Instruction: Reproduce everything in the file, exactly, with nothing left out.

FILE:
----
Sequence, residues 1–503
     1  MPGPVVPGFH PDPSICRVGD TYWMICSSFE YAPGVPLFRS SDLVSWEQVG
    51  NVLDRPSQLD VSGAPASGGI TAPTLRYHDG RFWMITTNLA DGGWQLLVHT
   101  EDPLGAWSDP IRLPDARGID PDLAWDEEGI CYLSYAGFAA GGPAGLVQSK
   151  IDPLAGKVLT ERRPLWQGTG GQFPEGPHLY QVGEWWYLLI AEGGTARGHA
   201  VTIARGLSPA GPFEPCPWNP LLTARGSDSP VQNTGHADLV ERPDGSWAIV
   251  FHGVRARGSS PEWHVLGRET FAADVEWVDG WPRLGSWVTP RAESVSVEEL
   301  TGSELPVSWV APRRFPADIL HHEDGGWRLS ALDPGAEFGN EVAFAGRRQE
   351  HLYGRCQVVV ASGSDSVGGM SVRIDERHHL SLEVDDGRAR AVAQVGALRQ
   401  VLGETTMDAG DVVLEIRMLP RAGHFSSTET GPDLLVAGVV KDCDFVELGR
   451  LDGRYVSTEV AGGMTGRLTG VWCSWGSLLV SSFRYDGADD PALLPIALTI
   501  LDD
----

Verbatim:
Sequence, residues 1–503
     1  MPGPVVPGFH PDPSICRVGD TYWMICSSFE YAPGVPLFRS SDLVSWEQVG
    51  NVLDRPSQLD VSGAPASGGI TAPTLRYHDG RFWMITTNLA DGGWQLLVHT
   101  EDPLGAWSDP IRLPDARGID PDLAWDEEGI CYLSYAGFAA GGPAGLVQSK
   151  IDPLAGKVLT ERRPLWQGTG GQFPEGPHLY QVGEWWYLLI AEGGTARGHA
   201  VTIARGLSPA GPFEPCPWNP LLTARGSDSP VQNTGHADLV ERPDGSWAIV
   251  FHGVRARGSS PEWHVLGRET FAADVEWVDG WPRLGSWVTP RAESVSVEEL
   301  TGSELPVSWV APRRFPADIL HHEDGGWRLS ALDPGAEFGN EVAFAGRRQE
   351  HLYGRCQVVV ASGSDSVGGM SVRIDERHHL SLEVDDGRAR AVAQVGALRQ
   401  VLGETTMDAG DVVLEIRMLP RAGHFSSTET GPDLLVAGVV KDCDFVELGR
   451  LDGRYVSTEV AGGMTGRLTG VWCSWGSLLV SSFRYDGADD PALLPIALTI
   501  LDD